by Morgan on March 16, 2011
I went to Book Soup to hear Andre Dubus III read from Townie last night. Stay tuned for a recap of the evening (link to come), but I’ll preface by saying that Dubus is seriously pleasant. In all honesty, I often find readings boring. I’ve already read the book, why do I want to hear the writer read nine pages to me, then listen to people ask him/her whether or not it was difficult to get into the characters heads, and whether they prefer writing in the morning or at night? But Dubus is really engaging.
After the Q&A, while standing in the autograph line, I got into a conversation with two really lovely women. We were talking about book reviews (which have been on my mind rather obsessively for the past couple weeks) and how insane it is that the majority of reviews in the major publications are written by other writers, often writers of the same “genre” and stature, if you will. I can’t think of a more obvious conflict of interest than writer A, with a novel coming out from Knopf in June, reviewing writer B, who just published a book with Knopf. Or a short story writer reviewing a collection a short stories.
Check it out. Open the New York Times. It’s a white, 30-something, Park Slope clusterfuck.
Maybe I’m a little wet behind the ears. I’ll admit that. I just started really embracing the idea of being a reviewer, and I only know what my 27 years of life have afforded me, so call me a young pup. But I know that book reviews used to be better than they are now. And I know that now, more than ever, a large majority of reviews in the big publications (and on heavy-traffic sites) are written by people who in turn will be reviewed in the same publications, and on the same pages. And I know that it’s become virtually impossible to make a living by being a literary critic and book reviewer, without also being a “culture blogger,” or editor, or writer of books. And I know it wasn’t always this way.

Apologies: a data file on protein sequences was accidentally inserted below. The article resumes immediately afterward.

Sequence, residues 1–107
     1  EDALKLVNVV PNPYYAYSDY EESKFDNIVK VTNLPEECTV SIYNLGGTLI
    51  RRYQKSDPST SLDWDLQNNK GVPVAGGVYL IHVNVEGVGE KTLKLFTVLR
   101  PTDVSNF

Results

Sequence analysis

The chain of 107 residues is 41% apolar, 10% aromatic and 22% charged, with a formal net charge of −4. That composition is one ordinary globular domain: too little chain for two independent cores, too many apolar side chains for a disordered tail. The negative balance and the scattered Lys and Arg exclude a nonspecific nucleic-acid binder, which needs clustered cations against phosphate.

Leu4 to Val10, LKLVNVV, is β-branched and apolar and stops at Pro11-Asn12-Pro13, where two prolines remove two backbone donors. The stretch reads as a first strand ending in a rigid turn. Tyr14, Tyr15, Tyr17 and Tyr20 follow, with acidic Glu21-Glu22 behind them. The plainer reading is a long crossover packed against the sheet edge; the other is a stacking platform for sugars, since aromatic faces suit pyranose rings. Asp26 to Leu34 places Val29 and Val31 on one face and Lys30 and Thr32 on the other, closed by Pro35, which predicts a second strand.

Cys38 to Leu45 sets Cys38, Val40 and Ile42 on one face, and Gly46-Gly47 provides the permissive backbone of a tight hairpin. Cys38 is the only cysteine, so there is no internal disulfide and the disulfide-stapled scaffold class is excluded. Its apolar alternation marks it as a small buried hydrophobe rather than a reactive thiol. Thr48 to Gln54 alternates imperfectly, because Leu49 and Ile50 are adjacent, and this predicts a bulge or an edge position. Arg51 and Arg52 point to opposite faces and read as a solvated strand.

So. I’d like to take this opportunity to announce that I fully intend to be a book reviewer. And because of that, I am putting all other writing ambitions aside. I don’t want to have a conflict of interest. Not being a fiction writer, along with not trying to be a literary insider (as I talk about on Three Guys One Book) are the right decisions to make if I want to review books in a way that’s both traditional and progressive; unbiased (except by taste) and utterly devoid of an agenda (except for gaining avenues through which to write and talk about books).
Okay? Alright. Now that I’ve got the big Life Moment out of the way, let me tell you what I bought last night. Not Townie, duh. I got that when it came out, and you should go buy it now, if you haven’t.
I bought Joshua Foer’s Moonwalking With Einstein. AH, it’s so embarrassing! So here’s the deal: on Sunday, I read Foer’s piece in the NYTimes Magazine, and it’s fair to say I was intrigued. Then I saw the book on the shelves at Book Soup (and I can’t go to a bookstore without buying something) and, feeling rather weak and deserving of a reward, I succumbed. The writing looked good (despite the unforgivable title), and the topic is mega interesting.
I rarely indulge in books like this. I don’t read Gladwell or Levitt and Dubner or Jacobs (especially not Jacobs). There are a couple reasons for this, but the only one that’s not snooty is that reading things like this cuts into my fiction time.
But this one: Ooooh! It’s so good! It’s like eating pudding! At first you’re like, “What is this I shouldn’t be eating this, this is garbage!” and two bites in you’re like, “OH MY GOD WHAT IS THIS?! THIS IS DELICIOUS WHERE HAVE YOU BEEN ALL MY LIFE PUDDING?!”
Highly recommended, if you haven’t already treated yourself today.
Oh, also, I just finished David Ulin’s The Lost Art of Reading, and I need a couple days to process. Then I’ll reread and post about it. But I’ll say it’s probably the most personally revelatory thing I’ve read in a while (revelatory for me, not for him, though maybe for him, I don’t know.)
Happy Tuesday (new books day).